# Heat Recovery for Commercial Buildings

```Shane Toolan
Bachelor of Engineering Technology in Building
Services Engineering
CIBSE Awards 2012
Overview
 Commercial Buildings
 Heat Recovery Systems
 Heat Recovery Applications
 Case Study:- Simulation for clean room
Heat Recovery- Why??
 Many commercial buildings will require some form of
air conditioning.
 Once the need for A/C is established, the engineer
must incorporate any possible energy saving
techniques into the design.
 One of these techniques is Heat recovery.
 We will examine devices that recover heat from
exhaust ductwork.
Features of a
Thermal Wheel
Recovers heat from
exhaust air &amp; transfers
this heat to the supply
air.
Recovers both sensible
and latent heat.
High efficiencies
ranging between 70 &amp;
90%.
RA – Pre recovery
EA -After recovery
OA –Pre recovery
SA –After Recovery
Thermal Wheel Continued.
 Manufactures catalogues give the required air velocity
depending on the units size.
 One disadvantage is cross contamination of the two air
streams. Harmful bacteria in the exhaust air can
contaminate the supply air.
 A purge sector can be used to prevent the transfer of
contaminants into the supply air stream.
Features of a Run
Around Coil (RAC)
The RAC consists of a pair of
finned tube coils which recover
warm/cool air from the exhaust air
stream.
 The pipe work system usually
distributes water, which transfers
the heat between the two air
streams. A pump is fitted to
circulate the water.
Operate at an efficiency of
between 40 &amp; 60 %.
Recovers sensible heat only.
Return air temp = 24&deg;C
Supply air temp = 30&deg;C
Outside air temp = -1.9&deg;C
SAT after HR
= 10.6&deg;C
Features of a Plate Heat
Recuperator
 Cross flow heat exchanger.
 One of the simplest forms of equipment used for heat recovery.
 Efficiencies range between 50 &amp; 70%.
 Conduction, which is a mode of energy transfer between two
bodies of matter, transfers energy through the separating plates
in the heat exchanger.
 Filters are easy to remove and clean for maintenance.
Plate Heat Recuperator continued.
The two air streams are directed
in cross or counter-flow through the
casing from the passages carrying
the supply &amp; exhaust air.
Condensation can occur in certain
weather conditions, therefore, a drip
tray must be provided and
connected to a drain.
Separating plates usually comprise
of metal, this eliminates moisture
transfer.
Winter process.
A Study into the energy saving
potential of a plate heat recuperator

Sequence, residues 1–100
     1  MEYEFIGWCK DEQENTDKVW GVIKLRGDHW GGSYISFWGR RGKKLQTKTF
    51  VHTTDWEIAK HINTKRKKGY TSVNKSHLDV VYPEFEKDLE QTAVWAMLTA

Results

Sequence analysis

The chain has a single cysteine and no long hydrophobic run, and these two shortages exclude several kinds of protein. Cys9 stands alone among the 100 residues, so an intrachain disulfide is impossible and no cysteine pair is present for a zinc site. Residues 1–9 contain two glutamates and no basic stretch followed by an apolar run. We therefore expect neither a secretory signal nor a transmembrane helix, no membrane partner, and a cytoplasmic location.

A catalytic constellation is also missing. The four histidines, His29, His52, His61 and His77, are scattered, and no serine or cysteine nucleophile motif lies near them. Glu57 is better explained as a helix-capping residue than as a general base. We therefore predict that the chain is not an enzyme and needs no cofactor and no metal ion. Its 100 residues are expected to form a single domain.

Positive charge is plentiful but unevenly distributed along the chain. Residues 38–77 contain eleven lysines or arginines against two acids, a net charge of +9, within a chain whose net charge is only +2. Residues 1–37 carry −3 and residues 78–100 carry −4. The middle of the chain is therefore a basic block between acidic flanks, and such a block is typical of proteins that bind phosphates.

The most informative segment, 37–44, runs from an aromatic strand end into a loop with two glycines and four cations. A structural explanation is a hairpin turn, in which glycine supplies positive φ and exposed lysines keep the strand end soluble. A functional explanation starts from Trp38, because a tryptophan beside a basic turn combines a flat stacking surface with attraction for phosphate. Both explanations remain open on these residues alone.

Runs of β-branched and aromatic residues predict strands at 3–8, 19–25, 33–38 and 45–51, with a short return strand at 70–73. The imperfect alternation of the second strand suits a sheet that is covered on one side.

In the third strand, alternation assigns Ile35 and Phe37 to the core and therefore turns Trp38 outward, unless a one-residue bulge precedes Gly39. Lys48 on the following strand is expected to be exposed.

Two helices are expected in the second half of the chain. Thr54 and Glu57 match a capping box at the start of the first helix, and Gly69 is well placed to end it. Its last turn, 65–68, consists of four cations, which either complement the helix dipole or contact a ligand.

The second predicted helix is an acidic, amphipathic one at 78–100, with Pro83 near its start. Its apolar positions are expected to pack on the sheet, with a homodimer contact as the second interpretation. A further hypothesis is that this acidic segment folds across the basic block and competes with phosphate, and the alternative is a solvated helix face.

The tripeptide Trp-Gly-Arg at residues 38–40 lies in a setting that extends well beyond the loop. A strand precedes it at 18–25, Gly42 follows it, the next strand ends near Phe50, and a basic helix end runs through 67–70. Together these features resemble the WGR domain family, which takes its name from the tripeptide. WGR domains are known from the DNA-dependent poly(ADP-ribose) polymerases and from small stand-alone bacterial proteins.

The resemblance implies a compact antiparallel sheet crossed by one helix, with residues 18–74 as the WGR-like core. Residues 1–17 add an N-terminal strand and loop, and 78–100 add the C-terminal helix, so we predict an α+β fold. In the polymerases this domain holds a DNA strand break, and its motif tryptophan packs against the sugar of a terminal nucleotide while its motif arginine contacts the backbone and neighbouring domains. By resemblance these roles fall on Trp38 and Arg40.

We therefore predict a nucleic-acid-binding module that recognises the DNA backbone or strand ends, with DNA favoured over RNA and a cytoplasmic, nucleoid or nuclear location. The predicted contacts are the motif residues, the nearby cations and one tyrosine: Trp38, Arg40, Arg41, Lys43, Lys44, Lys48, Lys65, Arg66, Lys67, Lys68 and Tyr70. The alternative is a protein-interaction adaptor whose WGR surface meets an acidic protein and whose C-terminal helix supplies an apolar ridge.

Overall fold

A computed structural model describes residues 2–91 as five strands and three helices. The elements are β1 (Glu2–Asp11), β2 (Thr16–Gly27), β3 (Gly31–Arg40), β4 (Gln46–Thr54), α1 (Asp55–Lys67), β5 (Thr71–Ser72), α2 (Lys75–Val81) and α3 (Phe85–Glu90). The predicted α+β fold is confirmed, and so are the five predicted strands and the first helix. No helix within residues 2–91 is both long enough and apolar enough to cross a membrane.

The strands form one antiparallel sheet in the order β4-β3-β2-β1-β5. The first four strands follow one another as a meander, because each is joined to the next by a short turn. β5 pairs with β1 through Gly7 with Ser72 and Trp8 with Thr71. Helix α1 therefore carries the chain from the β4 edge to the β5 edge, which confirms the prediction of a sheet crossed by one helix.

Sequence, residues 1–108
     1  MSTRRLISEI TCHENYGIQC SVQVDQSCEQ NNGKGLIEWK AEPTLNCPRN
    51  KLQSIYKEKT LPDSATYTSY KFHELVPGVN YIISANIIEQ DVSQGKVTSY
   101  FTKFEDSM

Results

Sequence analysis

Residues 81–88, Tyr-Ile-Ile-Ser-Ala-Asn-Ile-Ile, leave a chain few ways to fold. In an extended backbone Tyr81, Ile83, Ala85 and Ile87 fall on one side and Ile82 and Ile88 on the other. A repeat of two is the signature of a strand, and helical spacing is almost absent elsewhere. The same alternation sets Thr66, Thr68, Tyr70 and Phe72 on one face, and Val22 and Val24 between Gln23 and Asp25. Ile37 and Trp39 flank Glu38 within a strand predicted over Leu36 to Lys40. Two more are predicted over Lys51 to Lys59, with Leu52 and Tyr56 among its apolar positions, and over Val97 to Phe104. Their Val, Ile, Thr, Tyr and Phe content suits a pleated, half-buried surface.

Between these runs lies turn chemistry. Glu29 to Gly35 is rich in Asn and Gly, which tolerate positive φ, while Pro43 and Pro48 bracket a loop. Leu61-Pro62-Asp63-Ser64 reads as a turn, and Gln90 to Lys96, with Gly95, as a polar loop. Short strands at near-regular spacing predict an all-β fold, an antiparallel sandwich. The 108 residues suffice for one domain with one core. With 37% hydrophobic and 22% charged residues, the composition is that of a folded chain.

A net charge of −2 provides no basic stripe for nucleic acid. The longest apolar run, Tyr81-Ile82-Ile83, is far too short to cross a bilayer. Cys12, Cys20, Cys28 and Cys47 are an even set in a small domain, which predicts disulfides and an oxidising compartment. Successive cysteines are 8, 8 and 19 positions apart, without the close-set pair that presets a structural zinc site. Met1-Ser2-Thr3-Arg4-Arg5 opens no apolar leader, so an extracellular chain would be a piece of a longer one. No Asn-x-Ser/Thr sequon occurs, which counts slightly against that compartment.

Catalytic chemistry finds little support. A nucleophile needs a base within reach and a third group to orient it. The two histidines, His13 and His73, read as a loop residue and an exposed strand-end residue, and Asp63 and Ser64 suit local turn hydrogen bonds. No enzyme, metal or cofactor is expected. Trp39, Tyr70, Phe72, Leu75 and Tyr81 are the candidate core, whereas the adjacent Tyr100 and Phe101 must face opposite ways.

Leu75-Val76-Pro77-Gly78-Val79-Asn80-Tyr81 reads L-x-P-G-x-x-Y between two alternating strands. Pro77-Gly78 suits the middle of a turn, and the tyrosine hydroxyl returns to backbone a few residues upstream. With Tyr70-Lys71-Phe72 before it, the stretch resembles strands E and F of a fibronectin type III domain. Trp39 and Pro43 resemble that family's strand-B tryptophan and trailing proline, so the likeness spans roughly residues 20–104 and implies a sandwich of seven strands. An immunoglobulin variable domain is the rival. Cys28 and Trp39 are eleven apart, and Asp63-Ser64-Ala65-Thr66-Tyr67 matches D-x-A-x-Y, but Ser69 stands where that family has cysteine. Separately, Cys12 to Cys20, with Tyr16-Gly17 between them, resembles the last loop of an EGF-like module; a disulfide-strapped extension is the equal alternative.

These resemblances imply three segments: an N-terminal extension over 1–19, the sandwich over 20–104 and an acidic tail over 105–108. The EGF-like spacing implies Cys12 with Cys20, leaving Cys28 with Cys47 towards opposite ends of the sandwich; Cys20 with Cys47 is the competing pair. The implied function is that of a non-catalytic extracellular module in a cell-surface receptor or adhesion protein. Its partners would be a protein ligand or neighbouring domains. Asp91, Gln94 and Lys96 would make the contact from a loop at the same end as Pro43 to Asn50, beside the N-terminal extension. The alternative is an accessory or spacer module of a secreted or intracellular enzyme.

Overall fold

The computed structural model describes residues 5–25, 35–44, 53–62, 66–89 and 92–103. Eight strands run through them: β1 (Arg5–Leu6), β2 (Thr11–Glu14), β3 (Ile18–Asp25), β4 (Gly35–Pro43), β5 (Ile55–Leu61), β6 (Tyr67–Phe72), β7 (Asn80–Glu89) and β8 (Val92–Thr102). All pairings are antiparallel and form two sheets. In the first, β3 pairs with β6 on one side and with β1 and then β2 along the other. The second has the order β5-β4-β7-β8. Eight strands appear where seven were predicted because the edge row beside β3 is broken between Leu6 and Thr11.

 Loads are shown for an open plan office.
 Mass flow rate of air m = 7.41kg/s.
 The OAC, RAC, SAT are plotted on the psychometric chart.
 The recuperator has an efficiency of 70%.
 The cooling coil load is calculated using the formula Qcc = m(Δh)..kW.
 Cooling Coil load without HR = 7.41x (68.5-27.5) = 304 kW.
 Cooling Coil load with HR = 7.41 x (55.5-27.5) = 207.5 kW.
 The energy improvement with heat recovery was 97kW representing a
32% reduction on the cooling coil load.
Example 1 – Psychometric Analysis
Cleanrooms
 Cleanrooms use a considerable amount of energy compared to a
traditional air conditioning system. The possible savings in costs and
CO2 emissions will be examined.
 Close control of the working environment is required, air borne
particles and chemical vapours must be kept to a minimum, leading to
high air change rates of between 60 – 120 air changes per hour.
 Classified in terms of the size and number of particles permitted in
terms of units of air volume. The work carried out in the space will
dictate the classification of the cleanroom.
 With air flow rates so high, a heat recovery system would significantly
reduce the load on the heating/cooling plant in the make up air
handling units (MAU).
Case Study
 For the case study, I reviewed research of a modelling and simulation
study of a cleanroom carried out by K. Kircher.
 One method explored by Kircher in the case study was the introduction
of a heat recovery system.
 The study focused on a 6600m2 nanoscience facility, containing a
1600m2 cleanroom.
 The facility had an energy budget of \$1.8 million in 2008.
Energy Consumption
The primary sources of energy
reviewed were:- electricity, steam,
and chilled water .
The cleanroom uses
approximately 55% of the chilled
water for the whole building.
 TRNSYS&reg; simulation software is
used to carry out the detailed HVAC
calculations.
The improvements to the HVAC
system are analysed in this case
study.
 Below is a schematic of the current HVAC system serving the clean
room.
 Exhaust air which carries some of the preconditioned air and heated air
from fume hoods is wasted without heat recovery.
Case study continued
 Kircher proposed the installation of a heat recovery system with an
effective area of 45m2.
 The savings were substantial, \$110,700 was saved with the
introduction of a heat recovery system.
 The heat recovery system alone reduced this cost by 6%.
 The payback periods for the proposed heat recovery system were two
years and eight months for a new build, and four years and four months
for a retro-fit.
Conclusions
 Heat recovery for air conditioning systems reduces both energy
consumption and CO2 emissions.
 Results showed that the heating/cooling capacity was improved by up
to 48%.
 Co2 emissions dropped an average of 28%.
 As a process for reducing energy requirements, heat recovery is a tool
that every engineer should use during design.
Thank You
```